David Holder ready for the heat at Rally Turkey
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David Holder’s global rally adventure is set to provide some fresh challenges in Turkey this weekend.
The return of Rally Turkey to the World Rally Championship for the first time since 2010 also provides the venue for the final round of the Junior World Rally Championship.
Holder (Mt Maunganui) and his Hamilton-based co-driver Jason Farmer will line up against 12 other junior crews driving identical Ford Fiesta R2 cars to chase double points in the final round of the championship.
The base for the rally is the city of Marmaris — a Mediterranean port and holiday resort about 200km south of Istanbul in the south-west of the country. It’s an entirely different region than those previously used for WRC Rally Turkey with stages mainly in the mountains of the Mugla province where conditions are expected to the rough and hot.
Based on the pre-rally information, Holder — the 2016 New Zealand rally champion — is preparing for long stages, hot temperatures and some rocky stages on mountain roads as the main characteristics in a rally that will be new to the field of 52 crews.
‘‘We’re expecting it to be rough from looking at the in-car [video]. The main thing will be working out where you want to go hard and where you don’t,’’ said Holder.
‘‘The first stage on Friday morning is 38km long so it will be important to make a good start and there’s also a 36km stage on the second day.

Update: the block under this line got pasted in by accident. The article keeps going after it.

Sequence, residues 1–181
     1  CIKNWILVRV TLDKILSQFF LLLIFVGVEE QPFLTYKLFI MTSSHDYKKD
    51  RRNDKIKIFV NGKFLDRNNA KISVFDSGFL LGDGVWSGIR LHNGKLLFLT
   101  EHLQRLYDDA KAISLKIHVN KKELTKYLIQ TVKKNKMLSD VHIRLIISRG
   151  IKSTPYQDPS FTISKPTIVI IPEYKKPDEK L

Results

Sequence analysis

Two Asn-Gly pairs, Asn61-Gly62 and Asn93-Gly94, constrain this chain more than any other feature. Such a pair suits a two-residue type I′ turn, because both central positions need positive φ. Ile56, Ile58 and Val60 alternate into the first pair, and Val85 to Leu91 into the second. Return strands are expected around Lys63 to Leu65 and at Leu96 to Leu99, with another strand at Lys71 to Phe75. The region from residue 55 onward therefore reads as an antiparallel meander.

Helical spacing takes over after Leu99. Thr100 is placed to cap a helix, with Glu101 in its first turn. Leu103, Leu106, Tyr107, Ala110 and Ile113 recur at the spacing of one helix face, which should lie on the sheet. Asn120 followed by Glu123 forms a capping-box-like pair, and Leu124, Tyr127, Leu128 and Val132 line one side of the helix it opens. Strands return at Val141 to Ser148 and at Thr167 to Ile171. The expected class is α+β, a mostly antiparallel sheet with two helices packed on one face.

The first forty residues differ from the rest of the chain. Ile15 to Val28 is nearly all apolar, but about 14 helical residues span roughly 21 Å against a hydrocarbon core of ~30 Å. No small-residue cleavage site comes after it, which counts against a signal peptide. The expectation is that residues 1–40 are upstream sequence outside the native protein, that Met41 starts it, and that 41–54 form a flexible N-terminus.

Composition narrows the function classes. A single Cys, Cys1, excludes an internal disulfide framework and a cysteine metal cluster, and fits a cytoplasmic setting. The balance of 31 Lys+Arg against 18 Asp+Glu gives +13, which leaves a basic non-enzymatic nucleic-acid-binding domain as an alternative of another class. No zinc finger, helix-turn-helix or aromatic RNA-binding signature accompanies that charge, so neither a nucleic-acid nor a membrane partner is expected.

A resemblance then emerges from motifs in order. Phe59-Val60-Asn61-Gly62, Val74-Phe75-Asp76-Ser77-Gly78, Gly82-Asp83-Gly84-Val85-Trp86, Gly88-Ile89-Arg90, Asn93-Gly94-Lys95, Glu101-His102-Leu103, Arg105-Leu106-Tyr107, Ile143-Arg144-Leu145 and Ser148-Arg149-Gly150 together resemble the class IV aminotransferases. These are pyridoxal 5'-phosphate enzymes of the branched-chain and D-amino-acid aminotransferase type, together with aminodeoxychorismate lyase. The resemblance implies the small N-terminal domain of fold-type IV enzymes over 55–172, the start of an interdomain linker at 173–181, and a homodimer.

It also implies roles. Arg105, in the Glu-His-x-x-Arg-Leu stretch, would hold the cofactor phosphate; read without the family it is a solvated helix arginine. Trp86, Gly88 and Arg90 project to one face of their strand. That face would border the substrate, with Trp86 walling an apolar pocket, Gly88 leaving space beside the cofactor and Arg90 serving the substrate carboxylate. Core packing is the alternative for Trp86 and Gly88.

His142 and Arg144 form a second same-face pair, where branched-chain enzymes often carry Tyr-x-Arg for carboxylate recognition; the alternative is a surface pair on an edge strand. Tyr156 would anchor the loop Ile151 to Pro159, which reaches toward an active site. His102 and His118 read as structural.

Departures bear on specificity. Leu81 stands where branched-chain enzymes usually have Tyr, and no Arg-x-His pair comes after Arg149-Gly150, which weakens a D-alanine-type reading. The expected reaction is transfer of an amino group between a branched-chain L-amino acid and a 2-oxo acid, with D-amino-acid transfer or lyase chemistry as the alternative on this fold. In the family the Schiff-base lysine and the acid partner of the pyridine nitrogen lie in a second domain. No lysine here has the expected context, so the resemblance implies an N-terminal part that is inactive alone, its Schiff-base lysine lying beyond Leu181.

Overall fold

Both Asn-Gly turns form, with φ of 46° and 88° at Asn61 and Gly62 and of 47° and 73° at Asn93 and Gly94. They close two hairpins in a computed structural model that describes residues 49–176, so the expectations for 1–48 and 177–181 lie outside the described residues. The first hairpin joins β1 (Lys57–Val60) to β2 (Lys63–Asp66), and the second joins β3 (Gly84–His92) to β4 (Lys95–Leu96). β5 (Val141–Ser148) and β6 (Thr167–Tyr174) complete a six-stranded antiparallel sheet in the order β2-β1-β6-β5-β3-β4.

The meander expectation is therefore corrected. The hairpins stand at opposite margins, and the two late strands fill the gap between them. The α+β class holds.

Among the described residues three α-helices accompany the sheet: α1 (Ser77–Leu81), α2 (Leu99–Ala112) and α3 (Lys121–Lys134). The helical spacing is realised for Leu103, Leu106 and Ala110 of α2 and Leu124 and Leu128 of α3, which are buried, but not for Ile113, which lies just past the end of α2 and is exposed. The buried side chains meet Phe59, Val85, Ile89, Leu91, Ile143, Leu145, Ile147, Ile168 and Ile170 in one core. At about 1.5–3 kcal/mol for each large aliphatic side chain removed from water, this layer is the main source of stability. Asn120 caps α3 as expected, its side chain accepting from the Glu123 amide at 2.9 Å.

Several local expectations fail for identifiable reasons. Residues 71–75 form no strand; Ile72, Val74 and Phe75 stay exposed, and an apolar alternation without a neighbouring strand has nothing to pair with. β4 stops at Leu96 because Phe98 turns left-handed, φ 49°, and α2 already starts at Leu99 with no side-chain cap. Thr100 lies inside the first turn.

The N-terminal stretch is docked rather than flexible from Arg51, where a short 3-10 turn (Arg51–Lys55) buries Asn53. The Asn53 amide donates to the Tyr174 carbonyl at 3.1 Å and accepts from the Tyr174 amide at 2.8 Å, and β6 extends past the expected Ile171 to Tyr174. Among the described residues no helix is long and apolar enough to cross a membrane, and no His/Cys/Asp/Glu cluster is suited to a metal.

‘‘The temperatures will be a challenge. It’s going to be 30degC or above so I’ve been in the sauna and also biking in a heated room trying to prepare for that. We haven’t really had conditions like that anywhere this year and it makes it tough heading over there from our winter.’’
Holder and Farmer are in 11th place in the Junior Championship standings after four of the five rallies with the highlight of their season being a podium finish in Portugal.
‘‘My objective for Turkey is to try and set fast stage times,’’ said Holder.
‘‘Even with double points the overall result won’t make a big difference to us in the championship unless something unbelievably dramatic happens.’’
After four rallies in Sweden, Corsica, Portugal and Finland, Holder says the junior series has been a steep learning curve.
‘‘I’ve learnt a lot this year and it has challenged me in a lot of ways.
‘‘We’ve had to work really hard since Coromandel [the most recent NZ Championship event in mid-August] to get the funds together for Turkey.’’
Holder is trying a new approach on the rally by writing a set of pace notes for the special stages using the in-car video footage made available by the rally organisers.
‘‘That’s something Hayden [Paddon] has offered some advice about. It’s a new way to write pace notes and also a good way to learn and remember the stages.’’
The rally starts with a 2.45km street stage on Thursday evening (Friday morning NZ time) and the Friday route is a loop of three stages used twice which opens with the 38.1km Cetibeli stage — the longest of the rally.
There’s a similar format on Saturday with another loop of three stages to the west of Marmaris including the 36.0km Yesilbelde stage. The Sunday sprint of four stages provides 35km of competition with the 7.12km Power Stage actually finishing at the Asparan service park.
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